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BOUND BY HONOR by Bill Bonanno

BOUND BY HONOR

A Mafioso's Story

By Bill Bonanno

Pub Date: May 25th, 1999
ISBN: 0-312-20388-8
Publisher: St. Martin's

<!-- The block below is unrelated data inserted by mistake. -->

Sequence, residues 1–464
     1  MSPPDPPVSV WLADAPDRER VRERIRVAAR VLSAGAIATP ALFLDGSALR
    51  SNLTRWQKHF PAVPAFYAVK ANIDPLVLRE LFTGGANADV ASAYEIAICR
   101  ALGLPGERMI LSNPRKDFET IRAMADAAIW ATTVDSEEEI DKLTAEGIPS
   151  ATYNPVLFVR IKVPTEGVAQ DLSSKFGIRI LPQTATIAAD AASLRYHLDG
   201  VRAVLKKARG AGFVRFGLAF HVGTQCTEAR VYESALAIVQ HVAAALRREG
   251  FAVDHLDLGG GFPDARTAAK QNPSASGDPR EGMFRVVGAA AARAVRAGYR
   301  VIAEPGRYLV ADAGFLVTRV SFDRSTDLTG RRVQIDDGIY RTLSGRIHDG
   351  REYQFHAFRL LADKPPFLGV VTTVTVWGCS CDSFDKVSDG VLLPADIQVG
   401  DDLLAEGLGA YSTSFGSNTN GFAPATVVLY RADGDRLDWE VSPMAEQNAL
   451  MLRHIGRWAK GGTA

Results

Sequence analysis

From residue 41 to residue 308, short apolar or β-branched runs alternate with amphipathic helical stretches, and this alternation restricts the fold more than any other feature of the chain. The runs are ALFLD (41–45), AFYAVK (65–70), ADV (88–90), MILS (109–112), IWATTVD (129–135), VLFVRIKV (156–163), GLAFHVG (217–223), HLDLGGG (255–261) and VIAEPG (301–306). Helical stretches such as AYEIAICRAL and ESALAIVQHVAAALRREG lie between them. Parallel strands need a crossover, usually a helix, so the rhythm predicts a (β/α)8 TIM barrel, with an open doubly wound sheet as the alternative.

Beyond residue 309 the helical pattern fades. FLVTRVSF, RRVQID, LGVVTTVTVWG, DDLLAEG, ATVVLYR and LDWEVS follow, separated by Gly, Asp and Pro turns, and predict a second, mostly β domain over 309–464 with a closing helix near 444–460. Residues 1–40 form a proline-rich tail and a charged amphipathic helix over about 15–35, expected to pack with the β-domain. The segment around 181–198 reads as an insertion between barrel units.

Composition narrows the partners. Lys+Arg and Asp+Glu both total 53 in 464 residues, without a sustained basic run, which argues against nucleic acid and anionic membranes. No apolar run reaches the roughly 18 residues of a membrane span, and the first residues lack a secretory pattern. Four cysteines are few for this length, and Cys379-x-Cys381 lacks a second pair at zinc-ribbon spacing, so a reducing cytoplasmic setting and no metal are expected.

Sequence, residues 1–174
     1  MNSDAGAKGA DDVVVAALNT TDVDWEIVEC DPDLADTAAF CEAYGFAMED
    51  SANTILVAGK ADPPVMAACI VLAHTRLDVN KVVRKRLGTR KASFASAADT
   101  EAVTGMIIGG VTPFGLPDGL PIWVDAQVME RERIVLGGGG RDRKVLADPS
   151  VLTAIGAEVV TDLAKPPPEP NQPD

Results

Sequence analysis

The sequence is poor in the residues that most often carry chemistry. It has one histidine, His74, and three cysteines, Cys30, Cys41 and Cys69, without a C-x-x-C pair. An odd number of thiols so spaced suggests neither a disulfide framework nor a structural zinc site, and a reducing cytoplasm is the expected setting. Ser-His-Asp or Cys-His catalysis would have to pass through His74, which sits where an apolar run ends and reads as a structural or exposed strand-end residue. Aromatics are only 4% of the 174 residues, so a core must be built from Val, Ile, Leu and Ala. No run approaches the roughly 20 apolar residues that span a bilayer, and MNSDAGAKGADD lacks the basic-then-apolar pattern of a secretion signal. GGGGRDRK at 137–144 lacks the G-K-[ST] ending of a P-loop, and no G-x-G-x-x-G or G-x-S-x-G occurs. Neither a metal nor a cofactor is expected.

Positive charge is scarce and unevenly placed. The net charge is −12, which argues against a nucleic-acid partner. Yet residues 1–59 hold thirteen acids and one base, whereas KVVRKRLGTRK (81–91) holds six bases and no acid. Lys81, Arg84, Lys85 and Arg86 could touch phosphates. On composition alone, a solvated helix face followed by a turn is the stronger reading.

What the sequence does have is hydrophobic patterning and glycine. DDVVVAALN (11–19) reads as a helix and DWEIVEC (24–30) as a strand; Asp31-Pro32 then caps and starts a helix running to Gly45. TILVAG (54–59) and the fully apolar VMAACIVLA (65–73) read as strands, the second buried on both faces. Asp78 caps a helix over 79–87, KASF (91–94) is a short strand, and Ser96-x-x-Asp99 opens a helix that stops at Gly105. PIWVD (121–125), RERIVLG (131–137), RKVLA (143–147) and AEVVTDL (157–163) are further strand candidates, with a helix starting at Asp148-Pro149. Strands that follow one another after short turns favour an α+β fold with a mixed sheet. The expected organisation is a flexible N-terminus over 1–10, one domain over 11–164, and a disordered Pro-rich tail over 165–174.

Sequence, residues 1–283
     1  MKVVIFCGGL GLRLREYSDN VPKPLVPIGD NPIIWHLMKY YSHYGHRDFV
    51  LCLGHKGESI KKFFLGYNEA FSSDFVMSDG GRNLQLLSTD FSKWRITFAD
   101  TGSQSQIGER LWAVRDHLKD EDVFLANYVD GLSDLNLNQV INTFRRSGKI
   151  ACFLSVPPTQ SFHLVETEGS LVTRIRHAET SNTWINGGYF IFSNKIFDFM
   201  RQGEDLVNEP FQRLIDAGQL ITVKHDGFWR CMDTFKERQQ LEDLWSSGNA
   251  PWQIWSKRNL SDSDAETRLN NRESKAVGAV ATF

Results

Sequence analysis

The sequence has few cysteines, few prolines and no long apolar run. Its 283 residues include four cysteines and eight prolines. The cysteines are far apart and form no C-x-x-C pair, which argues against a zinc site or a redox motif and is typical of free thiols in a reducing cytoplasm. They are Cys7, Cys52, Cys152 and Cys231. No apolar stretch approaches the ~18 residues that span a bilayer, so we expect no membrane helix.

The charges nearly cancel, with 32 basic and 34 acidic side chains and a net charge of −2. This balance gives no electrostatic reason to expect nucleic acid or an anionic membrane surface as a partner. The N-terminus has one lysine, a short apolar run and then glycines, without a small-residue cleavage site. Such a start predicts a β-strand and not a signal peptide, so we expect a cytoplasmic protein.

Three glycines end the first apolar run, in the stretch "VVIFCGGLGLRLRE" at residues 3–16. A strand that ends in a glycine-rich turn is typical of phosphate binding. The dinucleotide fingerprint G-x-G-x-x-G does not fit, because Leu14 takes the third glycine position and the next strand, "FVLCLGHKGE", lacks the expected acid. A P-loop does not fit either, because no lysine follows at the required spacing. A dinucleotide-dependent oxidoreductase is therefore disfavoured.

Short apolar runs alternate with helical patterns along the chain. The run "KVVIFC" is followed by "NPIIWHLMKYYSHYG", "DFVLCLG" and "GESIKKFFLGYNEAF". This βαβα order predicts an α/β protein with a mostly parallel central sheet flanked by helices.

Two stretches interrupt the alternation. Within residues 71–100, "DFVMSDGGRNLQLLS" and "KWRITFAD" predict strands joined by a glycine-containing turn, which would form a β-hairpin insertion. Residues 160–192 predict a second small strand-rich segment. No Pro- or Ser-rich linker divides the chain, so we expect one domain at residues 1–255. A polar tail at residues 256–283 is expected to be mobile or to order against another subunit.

The heir to legendary Mafia patriarch Joseph Bonanno describes the eclipse of a once-formidable criminal empire, with buffeting verbiage but only moderate amounts of candor. Bonanno begins with his 1956 wedding to a Profaci Family daughter, then goes on to detail the disastrous Appalachin conclave (which informed the general public of the Mob’s existence), the fraying of the “Commission” that had long maintained peace and order, and the betrayals and factional confusion that allegedly culminated in the assassination of President Kennedy. His first-person account of secret criminal history is badly undermined by poor editing. Flabby, repetitive writing and clichÇd phrases abound, as does vagueness regarding the realities of Mob criminality. Endless musings about long-dead codes of loyalty and respect annoy in contrast with the dearth of specific detail regarding Mob violence and business influence during this era . The book thus resembles a bowdlerized retelling of The Godfather, with very little of the gritty immediacy one finds in such studies as Nicholas Pileggi’s Wiseguy. It’s not without merit, though; Bonanno profiles many major figures in the Five Families, clarifying both their ties to infamous predecessors such as Luciano and Anastasia, and their roles in the pyrrhic wars that, along with increased federal scrutiny in the decade following Kennedy’s death, essentially doomed the classical model of the American Mafia. The book’s best moments come near the end, when Bonanno convincingly portrays rogue FBI agents from the infamous CoIntelPro, whose efforts to “get the Mob” included bombings and witness intimidation, and who ultimately secured the author a long prison term resulting from a credit card “misunderstanding.” His jail experience yields one red-hot revelation: the confession of the alleged 11/22/63 triggerman, a Chicago Mob stalwart named Johnny Roselli. Given Bonanno’s knowledge of hidden Mafia history, one wishes his literary handlers had been less hasty in rushing a flawed book into the mob-opera marketplace. ($100,000 ad/promo; TV rights to Showtime; author tour)